One of the joys of working with the collaborative maps is that you are constantly learning new insights about a wide range of subjects in compressed and context relevant way.
With respect to the technology, the best web applications are living processes, co-evolving with their communities, and this has been the pattern with Debategraph from the outset — with, typically, multiple updates being released each week in response to feedback from the community.
With visual mapping tools there are essentially two interwoven learning curves: the art of visual mapping and artefact and artifice involved in the tool. The ultimate goal is to hone the latter to the point at which it frees the mind to focus fully on the former.
We have come a long way with this since our first iteration, have some significant changes in the pipeline for this month, are still bursting with ideas for further improvements. The other learning point for us has been that the community always seems to find and build on latent pliability in the tool in creative and unexpected ways.
How has the relationship with the Indie been organised? How involved are they?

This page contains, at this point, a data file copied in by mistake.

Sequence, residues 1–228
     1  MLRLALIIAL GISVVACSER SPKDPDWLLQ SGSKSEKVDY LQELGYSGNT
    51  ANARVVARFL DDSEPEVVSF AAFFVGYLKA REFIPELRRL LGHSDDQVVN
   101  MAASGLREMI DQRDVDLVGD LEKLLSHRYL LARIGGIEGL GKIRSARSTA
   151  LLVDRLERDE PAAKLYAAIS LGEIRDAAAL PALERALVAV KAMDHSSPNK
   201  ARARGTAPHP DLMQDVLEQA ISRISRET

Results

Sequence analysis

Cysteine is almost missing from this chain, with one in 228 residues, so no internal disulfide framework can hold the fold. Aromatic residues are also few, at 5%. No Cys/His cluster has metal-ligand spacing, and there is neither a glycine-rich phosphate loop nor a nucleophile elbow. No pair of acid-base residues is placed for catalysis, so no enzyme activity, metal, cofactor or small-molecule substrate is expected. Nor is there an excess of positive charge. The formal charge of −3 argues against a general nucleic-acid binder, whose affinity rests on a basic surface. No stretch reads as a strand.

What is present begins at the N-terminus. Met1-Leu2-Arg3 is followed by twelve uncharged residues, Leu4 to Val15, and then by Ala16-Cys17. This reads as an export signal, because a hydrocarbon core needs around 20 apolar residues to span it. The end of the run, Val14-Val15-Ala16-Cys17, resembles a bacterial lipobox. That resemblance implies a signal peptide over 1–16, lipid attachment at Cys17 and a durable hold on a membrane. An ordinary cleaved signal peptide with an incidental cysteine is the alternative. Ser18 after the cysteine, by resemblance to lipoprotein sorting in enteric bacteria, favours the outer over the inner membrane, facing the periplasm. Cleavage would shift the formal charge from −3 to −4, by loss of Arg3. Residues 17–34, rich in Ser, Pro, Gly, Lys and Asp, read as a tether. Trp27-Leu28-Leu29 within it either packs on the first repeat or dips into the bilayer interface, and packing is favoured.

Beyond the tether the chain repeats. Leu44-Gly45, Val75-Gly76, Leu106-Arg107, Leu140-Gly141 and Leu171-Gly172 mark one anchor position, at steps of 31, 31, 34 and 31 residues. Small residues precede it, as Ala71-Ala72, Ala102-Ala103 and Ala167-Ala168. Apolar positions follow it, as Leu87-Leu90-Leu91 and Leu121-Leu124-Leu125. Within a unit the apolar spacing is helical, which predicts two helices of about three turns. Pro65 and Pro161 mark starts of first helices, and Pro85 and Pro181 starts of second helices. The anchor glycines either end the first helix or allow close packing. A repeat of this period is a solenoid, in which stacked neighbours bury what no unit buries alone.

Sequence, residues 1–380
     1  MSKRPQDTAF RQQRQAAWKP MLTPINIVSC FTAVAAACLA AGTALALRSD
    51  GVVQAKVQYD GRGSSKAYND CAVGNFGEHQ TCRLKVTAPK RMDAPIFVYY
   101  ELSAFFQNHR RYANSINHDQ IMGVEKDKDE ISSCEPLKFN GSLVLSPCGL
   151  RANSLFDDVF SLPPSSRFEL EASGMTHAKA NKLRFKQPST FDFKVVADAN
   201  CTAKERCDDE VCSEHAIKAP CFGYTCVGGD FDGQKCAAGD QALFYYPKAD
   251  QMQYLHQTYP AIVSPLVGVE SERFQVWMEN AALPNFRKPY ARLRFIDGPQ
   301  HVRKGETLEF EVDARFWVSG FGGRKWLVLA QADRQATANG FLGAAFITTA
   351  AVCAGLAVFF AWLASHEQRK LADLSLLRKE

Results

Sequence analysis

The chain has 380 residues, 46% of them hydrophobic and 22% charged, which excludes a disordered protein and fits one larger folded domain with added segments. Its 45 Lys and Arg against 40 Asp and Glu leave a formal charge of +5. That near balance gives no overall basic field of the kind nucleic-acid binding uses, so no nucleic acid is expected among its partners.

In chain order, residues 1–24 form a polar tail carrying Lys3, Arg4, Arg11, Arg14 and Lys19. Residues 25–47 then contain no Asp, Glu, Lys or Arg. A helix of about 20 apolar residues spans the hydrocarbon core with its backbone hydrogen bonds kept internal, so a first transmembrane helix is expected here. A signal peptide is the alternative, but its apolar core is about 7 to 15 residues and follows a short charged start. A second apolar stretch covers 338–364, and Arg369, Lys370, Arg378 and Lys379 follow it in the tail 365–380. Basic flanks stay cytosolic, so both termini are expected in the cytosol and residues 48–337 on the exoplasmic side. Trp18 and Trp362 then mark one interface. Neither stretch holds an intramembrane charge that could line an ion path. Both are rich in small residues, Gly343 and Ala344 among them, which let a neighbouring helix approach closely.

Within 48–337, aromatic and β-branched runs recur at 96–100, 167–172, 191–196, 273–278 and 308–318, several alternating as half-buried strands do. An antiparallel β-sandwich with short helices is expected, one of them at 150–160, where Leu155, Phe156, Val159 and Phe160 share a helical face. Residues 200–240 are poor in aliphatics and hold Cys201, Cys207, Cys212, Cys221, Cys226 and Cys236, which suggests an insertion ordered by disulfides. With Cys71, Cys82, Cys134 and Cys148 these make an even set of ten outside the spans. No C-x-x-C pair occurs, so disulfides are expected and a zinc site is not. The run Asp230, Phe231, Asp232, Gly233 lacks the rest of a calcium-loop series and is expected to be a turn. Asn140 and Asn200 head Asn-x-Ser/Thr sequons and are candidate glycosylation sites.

We have been working with digital rather than the print team at The Independent — although we’re excited by the potential for the display of the maps on the printed page as well — and Jimmy is the perfect champion: happy to create the space for experimentation, happy to the let the process build naturally, and happy for other sites to share the maps as well.
We talk about the ideas for the next maps in the series and discuss the progress with the existing maps, but the content of the maps as they develop has always been left to the discretion of the community. So, from our perspective, the relationship has always been light-touch and enabling.
What is the business model?
We are part of the wave of social entrepreneurs whose primary motivation is to build something that’s useful and meaningful in helping humanity address the challenges emerging in the 21st century (and we think that creating a new kind of public space in which people can distil, explore, evaluate and mediate all of the salient perspectives on these challenges is both meaningful and necessary).
As it develops, Debategraph is also becoming increasingly useful for facilitating and tracking private sensemaking within groups, organizations and networks, and at some point we will switch to a paid model for new private mapping (the ability to build public maps will always be free).
In the meantime, we are starting to be paid to produce maps for people and to advise and train teams about the how to use collaborative maps within and between organizations.
And any plans for an easier way to embed? iframe excludes a lot of potential users.
Yes: different ways to embed the maps are on the development list (although we haven’t set the dates for the release of these yet). And, as you may have seen, Seven Sigma has just released a free webpart that lets you embed Debategraphs on the Microsoft SharePoint platform.